Linked by Thom Holwerda on Wed 2nd Sep 2009 12:41 UTC, submitted by nitsudima
GNU, GPL, Open Source David Chisnall casts a critical eye over the GNU General Public License and asks whether it's done more harm than good for the Free Software movement. "Looking back, has the GPL been a help, or a hindrance? And will it continue to be a help or hindrance in the future?"
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Mark Williamson
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"I don't think so, you contribute to GPL because you are forced

Now that is stupid (sorry, it just is). Who forces you to pick a GPL'd source for your needs? Why don't you just code your own stuff with the licence you wish, or even never publish it? If you still pick someone else's work's results that (s)he chose to GPL, and you know it's under the GPL, and you still choose to use it and modify it, then you can't complain about anyone forcing you to do anything. It was you who willingly chose to adhere (in an optimal case) to the GPL.

Forcing you, right. Geez, my hair starts to go gray.

Yup. GPL only forces you to contribute back in the same way that my local shops force me to give them money - if I get something from them I have to give something in return, but I know that in advance and have the choice to go elsewhere.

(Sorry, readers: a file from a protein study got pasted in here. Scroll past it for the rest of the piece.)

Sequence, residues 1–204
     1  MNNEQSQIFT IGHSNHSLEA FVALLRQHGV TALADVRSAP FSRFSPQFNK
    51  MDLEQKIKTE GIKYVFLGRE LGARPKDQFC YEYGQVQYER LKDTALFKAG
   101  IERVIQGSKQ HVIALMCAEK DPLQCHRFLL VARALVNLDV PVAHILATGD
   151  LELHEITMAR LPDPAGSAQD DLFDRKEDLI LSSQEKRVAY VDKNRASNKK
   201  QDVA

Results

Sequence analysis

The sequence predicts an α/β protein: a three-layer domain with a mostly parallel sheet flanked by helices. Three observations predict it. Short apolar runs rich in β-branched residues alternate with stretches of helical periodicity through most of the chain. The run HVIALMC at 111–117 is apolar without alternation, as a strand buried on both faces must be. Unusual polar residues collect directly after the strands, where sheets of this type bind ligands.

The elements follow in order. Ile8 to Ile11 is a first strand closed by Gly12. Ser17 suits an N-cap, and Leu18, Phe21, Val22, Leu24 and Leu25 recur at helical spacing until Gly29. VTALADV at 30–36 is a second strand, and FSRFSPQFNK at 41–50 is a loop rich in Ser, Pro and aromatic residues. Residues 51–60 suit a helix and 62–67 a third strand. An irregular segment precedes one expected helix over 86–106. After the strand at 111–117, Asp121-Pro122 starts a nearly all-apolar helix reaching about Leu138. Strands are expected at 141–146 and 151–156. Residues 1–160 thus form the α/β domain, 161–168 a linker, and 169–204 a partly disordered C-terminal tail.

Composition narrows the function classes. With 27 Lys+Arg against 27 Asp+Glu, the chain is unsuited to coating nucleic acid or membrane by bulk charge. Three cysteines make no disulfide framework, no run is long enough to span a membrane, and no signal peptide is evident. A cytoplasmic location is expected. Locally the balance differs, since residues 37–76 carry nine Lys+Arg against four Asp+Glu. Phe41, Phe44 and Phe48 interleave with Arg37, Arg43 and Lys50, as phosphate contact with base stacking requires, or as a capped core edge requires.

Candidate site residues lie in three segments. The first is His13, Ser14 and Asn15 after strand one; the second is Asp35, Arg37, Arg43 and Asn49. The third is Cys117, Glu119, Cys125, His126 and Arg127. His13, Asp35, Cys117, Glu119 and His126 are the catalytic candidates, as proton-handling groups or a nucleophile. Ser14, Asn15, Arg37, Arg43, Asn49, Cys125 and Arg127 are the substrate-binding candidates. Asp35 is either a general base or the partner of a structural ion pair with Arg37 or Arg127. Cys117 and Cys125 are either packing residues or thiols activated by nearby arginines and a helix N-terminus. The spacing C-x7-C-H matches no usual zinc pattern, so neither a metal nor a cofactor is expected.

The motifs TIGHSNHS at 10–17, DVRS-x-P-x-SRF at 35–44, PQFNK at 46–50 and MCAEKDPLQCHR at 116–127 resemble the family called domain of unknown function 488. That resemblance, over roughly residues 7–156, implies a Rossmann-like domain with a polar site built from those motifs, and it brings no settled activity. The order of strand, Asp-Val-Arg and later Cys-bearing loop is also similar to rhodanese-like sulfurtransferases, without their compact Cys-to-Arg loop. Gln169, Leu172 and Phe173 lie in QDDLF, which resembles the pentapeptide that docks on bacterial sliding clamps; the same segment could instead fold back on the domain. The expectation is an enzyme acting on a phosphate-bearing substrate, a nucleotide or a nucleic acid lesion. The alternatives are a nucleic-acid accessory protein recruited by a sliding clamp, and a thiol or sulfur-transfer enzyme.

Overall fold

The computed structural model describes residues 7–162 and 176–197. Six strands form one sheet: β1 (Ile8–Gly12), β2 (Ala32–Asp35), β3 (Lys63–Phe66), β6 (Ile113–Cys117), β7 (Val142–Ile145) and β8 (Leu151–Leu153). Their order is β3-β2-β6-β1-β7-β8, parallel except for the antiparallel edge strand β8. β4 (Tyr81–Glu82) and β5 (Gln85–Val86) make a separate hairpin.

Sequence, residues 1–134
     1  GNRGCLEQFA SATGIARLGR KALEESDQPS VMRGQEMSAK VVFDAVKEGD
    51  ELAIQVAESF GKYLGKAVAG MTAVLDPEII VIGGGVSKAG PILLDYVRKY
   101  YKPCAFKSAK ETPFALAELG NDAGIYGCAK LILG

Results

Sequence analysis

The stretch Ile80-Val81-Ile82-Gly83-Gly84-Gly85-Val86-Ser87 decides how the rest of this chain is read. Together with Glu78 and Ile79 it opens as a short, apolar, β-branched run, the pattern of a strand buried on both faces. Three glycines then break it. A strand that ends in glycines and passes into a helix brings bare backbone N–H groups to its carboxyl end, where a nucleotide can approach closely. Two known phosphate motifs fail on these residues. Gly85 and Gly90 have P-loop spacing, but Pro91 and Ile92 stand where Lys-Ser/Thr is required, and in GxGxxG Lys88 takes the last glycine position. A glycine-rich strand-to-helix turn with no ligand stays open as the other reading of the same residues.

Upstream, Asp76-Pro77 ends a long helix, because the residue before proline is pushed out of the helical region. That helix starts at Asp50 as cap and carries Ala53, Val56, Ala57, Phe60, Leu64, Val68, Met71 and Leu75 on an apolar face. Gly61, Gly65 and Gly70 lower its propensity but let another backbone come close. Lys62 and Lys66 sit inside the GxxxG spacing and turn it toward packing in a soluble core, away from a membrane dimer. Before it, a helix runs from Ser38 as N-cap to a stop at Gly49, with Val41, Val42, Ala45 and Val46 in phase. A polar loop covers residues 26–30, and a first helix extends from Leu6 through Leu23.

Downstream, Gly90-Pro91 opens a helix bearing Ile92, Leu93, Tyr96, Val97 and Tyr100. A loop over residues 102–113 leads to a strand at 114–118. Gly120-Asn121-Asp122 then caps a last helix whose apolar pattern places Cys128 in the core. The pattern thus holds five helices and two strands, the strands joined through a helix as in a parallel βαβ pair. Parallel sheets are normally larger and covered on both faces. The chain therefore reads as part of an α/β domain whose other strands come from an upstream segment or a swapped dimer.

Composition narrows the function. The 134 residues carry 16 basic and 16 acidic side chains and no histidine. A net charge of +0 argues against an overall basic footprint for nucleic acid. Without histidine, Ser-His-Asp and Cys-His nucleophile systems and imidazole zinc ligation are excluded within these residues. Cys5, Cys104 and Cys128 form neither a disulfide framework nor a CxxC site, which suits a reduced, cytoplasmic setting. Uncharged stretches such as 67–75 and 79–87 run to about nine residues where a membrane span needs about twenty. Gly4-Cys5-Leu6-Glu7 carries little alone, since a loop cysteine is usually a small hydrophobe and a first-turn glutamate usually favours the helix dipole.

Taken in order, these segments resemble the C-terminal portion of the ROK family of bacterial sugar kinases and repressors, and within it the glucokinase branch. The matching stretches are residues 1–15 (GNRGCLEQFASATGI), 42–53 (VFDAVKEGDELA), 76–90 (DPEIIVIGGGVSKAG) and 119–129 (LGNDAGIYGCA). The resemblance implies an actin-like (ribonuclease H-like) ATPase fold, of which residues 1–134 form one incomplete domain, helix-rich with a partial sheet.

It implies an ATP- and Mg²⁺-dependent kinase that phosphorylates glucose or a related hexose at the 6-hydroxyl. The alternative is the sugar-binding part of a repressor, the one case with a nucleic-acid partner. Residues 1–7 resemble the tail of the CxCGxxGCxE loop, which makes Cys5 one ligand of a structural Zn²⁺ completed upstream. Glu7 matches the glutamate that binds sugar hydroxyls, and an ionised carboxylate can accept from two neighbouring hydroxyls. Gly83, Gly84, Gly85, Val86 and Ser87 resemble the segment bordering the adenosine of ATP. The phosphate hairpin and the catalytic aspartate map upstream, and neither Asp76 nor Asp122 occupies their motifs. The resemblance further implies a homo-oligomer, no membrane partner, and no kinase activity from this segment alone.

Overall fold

I get the impression that Hiev was partly trying to point out that requiring contributions of source does not guarantee quality contributions (compare the random "tossed over the wall" contributions of hacky vendor code various GPL projects get). Whereas a under a BSD-ish license you'll only get code from the really motivated contributors who actually want to help.

To me that doesn't make the GPL bad, since willing contributors will - to a certain extent - self select through their use of GPL code in the first place. But I can see the argument that contributors to a given BSD-licensed project are (more?) likely to be working for the benefit of the community than in simply ticking a legal checkbox so they can get access to some free code.

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